Internet can be new frontier for gambling
Published: Wednesday, January 18, 2012
Updated: Wednesday, January 18, 2012 21:01
Gambling is legal and present in every state in America, except for Utah and Hawaii, through casinos and lotteries. Twenty-five years ago, gambling was legal in only three states. There is a reason for gambling gaining popularity through the years: It is very profitable and successful and now in a less-dangerous way.
The U.S. Department of Justice has been against online gambling, but a little curiosity has changed the name of the game. Thanks to New York and Illinois asking questions, the federal government clarified the rules for online lottery ticket sales. It admitted the only thing illegal under federal law is sports betting over state and federal lines, as per the Wire Act of 1961.
President Barack Obama's administration's reinterpretation of the Wire Act is that the law is only applied to gambling regarding sports and event wagers, not online gaming wagers. So at this point, it is not a question of if or why online gambling will happen in Florida, but a matter of when.
Laws will be made in the future to help guide this new gambling frontier. They will have to lack the vagueness of past laws and regulations in order to establish a clear understanding of this frontier. Since the gambling will take place on the Internet, there may be security risks like with everything else online.
The success of the Florida Lottery is evidence of online gambling's potential success. Florida has no immediate plans to establish selling lottery tickets online, but with the move by the Department of Justice, the writing is on the wall. The trick is making sure the money is going to the right place. According to The Miami Herald, "The lottery is a reliable source of funding for our public schools and colleges and to date has contributed $23 billion to education."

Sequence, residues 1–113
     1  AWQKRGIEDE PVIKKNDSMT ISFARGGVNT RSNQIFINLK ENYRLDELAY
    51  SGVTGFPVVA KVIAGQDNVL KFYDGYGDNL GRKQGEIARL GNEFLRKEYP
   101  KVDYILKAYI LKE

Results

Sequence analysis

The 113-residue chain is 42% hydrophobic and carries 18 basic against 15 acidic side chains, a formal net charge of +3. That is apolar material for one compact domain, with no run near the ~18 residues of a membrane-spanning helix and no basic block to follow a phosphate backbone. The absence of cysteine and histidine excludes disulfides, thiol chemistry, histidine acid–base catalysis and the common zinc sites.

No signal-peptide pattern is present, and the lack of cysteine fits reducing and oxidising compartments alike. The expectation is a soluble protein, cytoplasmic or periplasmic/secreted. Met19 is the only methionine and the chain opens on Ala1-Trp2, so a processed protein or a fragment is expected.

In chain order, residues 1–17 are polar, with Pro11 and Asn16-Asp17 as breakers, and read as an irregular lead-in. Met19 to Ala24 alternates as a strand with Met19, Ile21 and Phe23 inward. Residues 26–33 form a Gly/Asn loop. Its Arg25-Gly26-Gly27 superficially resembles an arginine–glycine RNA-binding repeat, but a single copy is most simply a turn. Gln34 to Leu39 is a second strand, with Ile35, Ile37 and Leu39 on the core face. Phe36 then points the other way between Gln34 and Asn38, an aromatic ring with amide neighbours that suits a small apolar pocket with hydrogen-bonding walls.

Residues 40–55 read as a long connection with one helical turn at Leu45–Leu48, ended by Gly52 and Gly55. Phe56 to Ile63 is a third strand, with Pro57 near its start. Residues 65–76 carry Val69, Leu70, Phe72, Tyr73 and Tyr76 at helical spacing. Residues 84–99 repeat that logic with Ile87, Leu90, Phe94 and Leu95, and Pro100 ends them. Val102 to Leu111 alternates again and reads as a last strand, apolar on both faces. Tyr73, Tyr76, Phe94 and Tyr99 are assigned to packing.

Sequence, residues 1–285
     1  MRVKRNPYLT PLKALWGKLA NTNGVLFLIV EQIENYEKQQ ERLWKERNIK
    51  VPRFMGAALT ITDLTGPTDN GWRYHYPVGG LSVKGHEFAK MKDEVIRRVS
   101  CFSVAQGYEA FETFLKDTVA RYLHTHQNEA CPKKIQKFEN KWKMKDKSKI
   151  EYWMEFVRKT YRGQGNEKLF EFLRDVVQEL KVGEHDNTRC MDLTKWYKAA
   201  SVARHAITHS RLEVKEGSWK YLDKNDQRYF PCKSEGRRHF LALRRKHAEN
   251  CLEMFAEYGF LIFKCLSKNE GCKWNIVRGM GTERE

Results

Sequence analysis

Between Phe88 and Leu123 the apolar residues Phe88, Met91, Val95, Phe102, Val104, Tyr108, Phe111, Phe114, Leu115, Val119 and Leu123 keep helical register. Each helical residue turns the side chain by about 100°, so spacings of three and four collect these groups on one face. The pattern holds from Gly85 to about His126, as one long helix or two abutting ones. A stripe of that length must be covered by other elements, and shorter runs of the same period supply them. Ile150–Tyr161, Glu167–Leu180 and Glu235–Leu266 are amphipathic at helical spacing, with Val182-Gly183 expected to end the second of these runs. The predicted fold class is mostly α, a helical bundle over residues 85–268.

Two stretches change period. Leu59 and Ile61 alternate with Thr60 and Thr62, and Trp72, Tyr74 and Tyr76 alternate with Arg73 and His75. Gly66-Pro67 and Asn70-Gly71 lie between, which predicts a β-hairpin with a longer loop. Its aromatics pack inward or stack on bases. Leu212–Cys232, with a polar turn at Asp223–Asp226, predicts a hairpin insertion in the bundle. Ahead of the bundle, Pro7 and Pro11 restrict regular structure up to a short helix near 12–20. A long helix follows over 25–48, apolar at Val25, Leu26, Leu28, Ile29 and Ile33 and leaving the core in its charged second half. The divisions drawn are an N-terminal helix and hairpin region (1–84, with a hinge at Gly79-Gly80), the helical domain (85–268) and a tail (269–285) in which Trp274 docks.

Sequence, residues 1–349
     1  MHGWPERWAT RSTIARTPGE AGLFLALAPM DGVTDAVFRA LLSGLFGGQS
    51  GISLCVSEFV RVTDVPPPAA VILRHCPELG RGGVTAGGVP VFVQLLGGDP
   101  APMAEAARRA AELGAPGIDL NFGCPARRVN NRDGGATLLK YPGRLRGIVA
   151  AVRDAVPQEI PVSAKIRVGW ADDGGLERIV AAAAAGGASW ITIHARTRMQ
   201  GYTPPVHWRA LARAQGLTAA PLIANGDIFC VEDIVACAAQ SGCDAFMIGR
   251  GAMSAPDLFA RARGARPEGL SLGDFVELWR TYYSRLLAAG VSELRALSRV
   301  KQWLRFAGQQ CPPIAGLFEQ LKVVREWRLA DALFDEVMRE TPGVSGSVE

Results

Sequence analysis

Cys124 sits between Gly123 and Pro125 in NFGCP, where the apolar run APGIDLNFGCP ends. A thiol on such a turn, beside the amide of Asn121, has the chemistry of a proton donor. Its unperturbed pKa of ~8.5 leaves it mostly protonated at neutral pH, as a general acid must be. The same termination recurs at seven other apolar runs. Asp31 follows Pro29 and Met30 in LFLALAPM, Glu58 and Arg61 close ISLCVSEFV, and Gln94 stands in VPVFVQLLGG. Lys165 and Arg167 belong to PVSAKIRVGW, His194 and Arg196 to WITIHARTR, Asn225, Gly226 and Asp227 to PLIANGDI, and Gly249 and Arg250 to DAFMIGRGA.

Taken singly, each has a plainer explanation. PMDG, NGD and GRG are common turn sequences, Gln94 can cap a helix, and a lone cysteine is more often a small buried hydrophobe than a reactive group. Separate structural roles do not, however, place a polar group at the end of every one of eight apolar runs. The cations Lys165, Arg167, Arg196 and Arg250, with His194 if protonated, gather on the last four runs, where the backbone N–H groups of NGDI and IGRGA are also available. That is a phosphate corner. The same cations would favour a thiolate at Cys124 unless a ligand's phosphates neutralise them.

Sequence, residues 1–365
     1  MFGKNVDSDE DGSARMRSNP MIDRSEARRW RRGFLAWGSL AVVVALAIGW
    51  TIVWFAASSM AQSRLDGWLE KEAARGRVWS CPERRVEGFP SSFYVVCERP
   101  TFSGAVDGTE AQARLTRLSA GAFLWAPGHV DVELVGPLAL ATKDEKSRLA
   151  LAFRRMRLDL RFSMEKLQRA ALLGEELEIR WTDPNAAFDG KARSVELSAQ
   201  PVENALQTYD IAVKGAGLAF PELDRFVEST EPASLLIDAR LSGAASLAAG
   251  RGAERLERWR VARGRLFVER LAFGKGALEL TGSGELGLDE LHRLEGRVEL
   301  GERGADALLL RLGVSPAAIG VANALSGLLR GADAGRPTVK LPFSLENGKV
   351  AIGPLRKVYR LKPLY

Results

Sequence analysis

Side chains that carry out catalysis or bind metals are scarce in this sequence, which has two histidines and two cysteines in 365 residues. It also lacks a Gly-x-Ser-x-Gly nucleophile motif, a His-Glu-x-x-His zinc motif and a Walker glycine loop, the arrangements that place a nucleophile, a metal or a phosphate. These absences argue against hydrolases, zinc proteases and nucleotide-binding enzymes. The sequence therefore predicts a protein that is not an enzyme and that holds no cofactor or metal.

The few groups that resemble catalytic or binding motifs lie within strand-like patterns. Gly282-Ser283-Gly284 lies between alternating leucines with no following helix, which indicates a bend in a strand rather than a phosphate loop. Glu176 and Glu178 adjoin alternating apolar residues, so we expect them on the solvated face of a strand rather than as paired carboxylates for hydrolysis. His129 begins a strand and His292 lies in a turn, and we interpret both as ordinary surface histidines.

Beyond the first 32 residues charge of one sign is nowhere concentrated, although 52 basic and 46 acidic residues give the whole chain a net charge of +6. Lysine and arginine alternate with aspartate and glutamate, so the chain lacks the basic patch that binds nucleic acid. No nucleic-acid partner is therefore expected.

Who would play? The question is: Who is already playing? Today, Internet gambling includes games such as poker online, which is legal. However, it was illegal to play for money. "John Pappas, executive director of the Poker Players Alliance, wants to pass a bill legalizing all Internet poker sites. He estimates 8 million to 10 million Americans — about 400,000 Floridians — play online through offshore accounts," according to the South Florida Sun Sentinel.
This new understanding gives Florida a chance to take a stand on gambling while generating revenue for the state. This money should stay in Florida. Online gambling would also save money for location reasons. It's revenue, and a strong source at that. Imagine, instead of a big casino company building a casino or race track which would use up money, land and state resources, the company could build them online. No fuss, no hassle.
"Proposals to allow or expand slots or casinos are percolating in at least 14 states, tempting legislators and governors at a time when many must decide between cutting services and raising taxes," according to the Associated Press.
Gambling is risky and dangerous. It has made its presence known and has been fairer to some than most. But ridding the world of these dangerous games died when the first state legalized it. While those who completely oppose gambling may not want it online, the best way to keep gambling from physically growing around the Sunshine State is to divert it to the Internet. It beats the alternative.